There was another reason for me not wanting to replace Rasta: he’s a great looking design! Everyone to a rule loved his design. There was a reason he was picked to be in the promo and that reason was because he looked great. It helped that visually he contrasted well with Ramen. Rasta is tall, wears big bad sunglasses, dreadlocks and only wears a pair of shorts and flop flops. Ramen is not tall, looks like a regular guy and wears clothing. Great. Another less interesting character to contrast Ramen just wasn’t a good idea. After all, why change what everyone considered a strong design to one that is good but not quite as strong just to calm a worry that may not exist other than in someone’s head?

The bottom line was that the promo was conceived and proceeded upon the notion that it was to be Ramen and Rasta. All ideas and concepts revolved around that. It was like cooking a high end meal: you just don’t change something that is designed and prepared to be deep fried into something broiled: it won’t be good. I’m extremely flexible, but I do take a very big picture of my work and there comes a point wherein the ideas get so wrapped around each other that to change elements unravels the whole. We were at that point with GoD.

In the end, Rasta stayed.

Suggestion #2: “How about some dialogue to go with the girl?”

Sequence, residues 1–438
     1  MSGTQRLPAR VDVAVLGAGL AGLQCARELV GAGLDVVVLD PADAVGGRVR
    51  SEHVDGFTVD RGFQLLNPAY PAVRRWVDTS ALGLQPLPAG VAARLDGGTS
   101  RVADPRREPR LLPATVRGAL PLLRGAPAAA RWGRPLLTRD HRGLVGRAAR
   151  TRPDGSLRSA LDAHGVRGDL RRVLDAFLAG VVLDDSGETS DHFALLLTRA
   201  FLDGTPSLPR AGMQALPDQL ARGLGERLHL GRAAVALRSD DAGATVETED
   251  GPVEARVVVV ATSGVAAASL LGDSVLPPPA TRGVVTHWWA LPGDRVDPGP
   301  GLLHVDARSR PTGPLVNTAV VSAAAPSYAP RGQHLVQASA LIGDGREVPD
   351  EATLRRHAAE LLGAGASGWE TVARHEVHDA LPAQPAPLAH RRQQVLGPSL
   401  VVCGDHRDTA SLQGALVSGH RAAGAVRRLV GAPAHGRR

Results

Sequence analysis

Aside from the fact that the characters were not rigged and were not going to be rigged for mouth movement, this was a most impractical and unnecessary suggestion. Then I read the suggested dialogue. It was, to be kind, atrocious. It was your standard “Not bad, but check this out” kind of trash talk (Ahhh... Trash Talk) that you find in poorly written animation. It was dialogue written to fill air and not amuse or inform. To add dialogue like this not only would work against the concept of the promo, but it would add cost and time: neither of which was an option. Needless to say, this dialogue idea git nixed right fast.

Suggestion #3: “We need a group shot with more of the cast”.

Ok, I wasn’t happy about this mostly because there was no time to do anything that involved new art. This request was really down to the wire, if I remember correctly. The only thing I could think to do was try and use the art from the one-sheet poster that I’d drawn up a few weeks prior and see if I can turn it into something.

I’m of the mind that when developing a show, make sure all art is compartmentalized so that it can be broken apart and turned into something new in case you need something fast. Well, I did. All the characters on that poster are stand alone drawings that sit in their own level in Photoshop. I was able to take that poster and recompose it to fit the 16:9 frame and make that the basis for the group shot that would be inserted before the main title. I added the lights on the background just to jazz that up a bit and try to make it fit in with the promo more. It doesn’t really, but I don’t think anyone gave that any thought.

I sent the layered Photoshop file to Tom the editor along with a quick storyboard that I drew for the shot. He then was the one who composited the shot and added the motion and effects according to my storyboard. He did a great job. I certainly didn’t have time to do that myself.